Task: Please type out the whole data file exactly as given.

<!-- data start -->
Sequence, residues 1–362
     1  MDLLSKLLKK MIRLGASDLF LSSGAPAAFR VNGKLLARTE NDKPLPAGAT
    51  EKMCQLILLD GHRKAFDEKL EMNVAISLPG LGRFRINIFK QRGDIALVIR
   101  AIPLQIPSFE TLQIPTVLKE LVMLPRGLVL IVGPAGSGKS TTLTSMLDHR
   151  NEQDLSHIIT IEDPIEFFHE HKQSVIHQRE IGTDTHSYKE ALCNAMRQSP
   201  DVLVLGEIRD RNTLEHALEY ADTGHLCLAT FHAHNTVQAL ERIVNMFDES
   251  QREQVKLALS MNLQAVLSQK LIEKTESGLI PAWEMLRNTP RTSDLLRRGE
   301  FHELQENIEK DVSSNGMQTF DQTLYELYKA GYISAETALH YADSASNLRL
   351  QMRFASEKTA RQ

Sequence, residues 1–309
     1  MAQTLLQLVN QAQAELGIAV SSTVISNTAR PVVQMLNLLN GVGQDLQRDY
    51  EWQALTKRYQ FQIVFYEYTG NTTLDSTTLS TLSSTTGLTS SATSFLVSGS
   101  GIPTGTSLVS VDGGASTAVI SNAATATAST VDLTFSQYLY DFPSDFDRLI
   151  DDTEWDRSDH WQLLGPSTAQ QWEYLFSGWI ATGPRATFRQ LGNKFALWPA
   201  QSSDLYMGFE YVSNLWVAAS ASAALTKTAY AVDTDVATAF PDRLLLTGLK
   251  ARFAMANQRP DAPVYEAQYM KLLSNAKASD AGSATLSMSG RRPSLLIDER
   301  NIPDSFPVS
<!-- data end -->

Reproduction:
Sequence, residues 1–362
     1  MDLLSKLLKK MIRLGASDLF LSSGAPAAFR VNGKLLARTE NDKPLPAGAT
    51  EKMCQLILLD GHRKAFDEKL EMNVAISLPG LGRFRINIFK QRGDIALVIR
   101  AIPLQIPSFE TLQIPTVLKE LVMLPRGLVL IVGPAGSGKS TTLTSMLDHR
   151  NEQDLSHIIT IEDPIEFFHE HKQSVIHQRE IGTDTHSYKE ALCNAMRQSP
   201  DVLVLGEIRD RNTLEHALEY ADTGHLCLAT FHAHNTVQAL ERIVNMFDES
   251  QREQVKLALS MNLQAVLSQK LIEKTESGLI PAWEMLRNTP RTSDLLRRGE
   301  FHELQENIEK DVSSNGMQTF DQTLYELYKA GYISAETALH YADSASNLRL
   351  QMRFASEKTA RQ

Sequence, residues 1–309
     1  MAQTLLQLVN QAQAELGIAV SSTVISNTAR PVVQMLNLLN GVGQDLQRDY
    51  EWQALTKRYQ FQIVFYEYTG NTTLDSTTLS TLSSTTGLTS SATSFLVSGS
   101  GIPTGTSLVS VDGGASTAVI SNAATATAST VDLTFSQYLY DFPSDFDRLI
   151  DDTEWDRSDH WQLLGPSTAQ QWEYLFSGWI ATGPRATFRQ LGNKFALWPA
   201  QSSDLYMGFE YVSNLWVAAS ASAALTKTAY AVDTDVATAF PDRLLLTGLK
   251  ARFAMANQRP DAPVYEAQYM KLLSNAKASD AGSATLSMSG RRPSLLIDER
   301  NIPDSFPVS